Switching gears, we started asking about his life as a boy growing up in Reedy Creek State Park. I started off by asking, “Why didn’t your mother go to the hospital to have you, as she was a nurse?” He replied, “There was 6 to 8 inches of snow on the ground and they didn’t want to risk getting stuck on the park roads. Another factor was that the nearest segregated hospital was on New Bern Avenue.” Again, I was surprised, perhaps naively thinking that hospitals would not have been segregated.
When we asked him to tell us more, he said, “You couldn’t ask for a better place to grow up. I could swim and fish anywhere. Crabtree Creek had no pollution and had a bigger, deeper flow. At that time there was no Lake Crabtree and no treatment plant off Crabtree Creek, and one of my favorite places was the Oddfellows tract because it felt wild.” Whispering Pines Camp was also one of his favorite places because the fishing was so good in the one-acre pond there (No longer there.) This pond was shallow and served as the swimming area for smaller kids at camp. You can still see the old stone structure on Reedy Creek, which was used for raising and lowering the water in the small pond.
The way he described it, he seemed to be the young prince of the park, having his way wherever he was. When he was 13, his father would send him in the dump truck sometimes to empty trash or put out the fires in the grills in the picnic area. Sometimes the Rangers would pay him five dollars to cut the grass on hot and humid days, so he had money to spend as well.
I asked him what trouble he got into at the park, and he said, “We could talk about that a long time.” He then said, “I cut down a large oak with a park chainsaw to have a good crappie bed to fish, got the dump truck stuck on the roads, and took the power boat out on Big Lake.” He also had an L key which opened everything in the park, a fact that drove the Rangers crazy but made him very popular with the fishermen because of his access in the park.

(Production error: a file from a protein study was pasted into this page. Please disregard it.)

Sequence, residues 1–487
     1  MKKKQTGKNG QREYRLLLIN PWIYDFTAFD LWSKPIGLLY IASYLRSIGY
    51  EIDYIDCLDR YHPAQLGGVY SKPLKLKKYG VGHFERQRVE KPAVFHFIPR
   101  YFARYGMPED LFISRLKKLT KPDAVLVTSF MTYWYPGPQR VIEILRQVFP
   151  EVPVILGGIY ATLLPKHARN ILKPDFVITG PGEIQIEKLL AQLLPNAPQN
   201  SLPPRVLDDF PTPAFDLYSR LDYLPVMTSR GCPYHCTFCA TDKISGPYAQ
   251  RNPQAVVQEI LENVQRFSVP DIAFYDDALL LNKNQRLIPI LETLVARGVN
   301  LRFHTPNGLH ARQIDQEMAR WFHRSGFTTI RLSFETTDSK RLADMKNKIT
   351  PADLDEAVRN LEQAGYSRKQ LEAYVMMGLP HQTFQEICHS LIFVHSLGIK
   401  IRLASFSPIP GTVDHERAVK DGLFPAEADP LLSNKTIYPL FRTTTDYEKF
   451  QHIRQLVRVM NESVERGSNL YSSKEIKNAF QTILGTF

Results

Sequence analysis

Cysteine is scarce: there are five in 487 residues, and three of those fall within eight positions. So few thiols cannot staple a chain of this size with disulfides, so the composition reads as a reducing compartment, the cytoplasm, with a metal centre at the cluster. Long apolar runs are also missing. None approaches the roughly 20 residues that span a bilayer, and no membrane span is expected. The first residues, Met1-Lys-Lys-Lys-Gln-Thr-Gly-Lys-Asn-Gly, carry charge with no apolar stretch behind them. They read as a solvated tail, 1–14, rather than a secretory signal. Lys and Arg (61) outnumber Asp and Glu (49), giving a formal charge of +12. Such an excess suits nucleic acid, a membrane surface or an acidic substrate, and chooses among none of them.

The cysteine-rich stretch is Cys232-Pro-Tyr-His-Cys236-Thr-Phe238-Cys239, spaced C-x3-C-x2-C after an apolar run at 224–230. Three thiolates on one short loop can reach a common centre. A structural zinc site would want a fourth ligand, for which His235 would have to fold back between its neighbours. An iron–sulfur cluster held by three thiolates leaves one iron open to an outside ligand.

Knowing the answer already, I asked him if his sixteen-year-old self turned that key in when he moved out, he laughed and said, “No, but I don’t think it works anymore.” My sixteen-year-old self would not have turned it in either.
“Perhaps the best thing Mr. Johnson said ‘was being with my father, who would say to me, ‘Come on boy, let’s go ride the roads (of the park)” or walk with him on his traditional Sunday walks from the Mill site to the spillway at Reedy Creek Lake. Mr. Johnson always loved riding with his dad or other Rangers when they delivered signs because it gave him a chance to see other parks.
One time when he was 8, his father had a superintendent meeting at Hammock’s Beach, he went out on the ferry to Bear Island and stayed there unsupervised until his father was done (That is blue ribbon non-helicopter parenting). Mr. Johnson also got to hang out with Governor Holshouser (in office from 1973 to 1977). The Governor and Mr. Johnson senior had met at the Governor’s inauguration, and Governor Holshouser “often came to the Reedy Creek State Park to hide out from Raleigh at the Park Office.”
Coming Soon: Born to be wild (Part Four) Community
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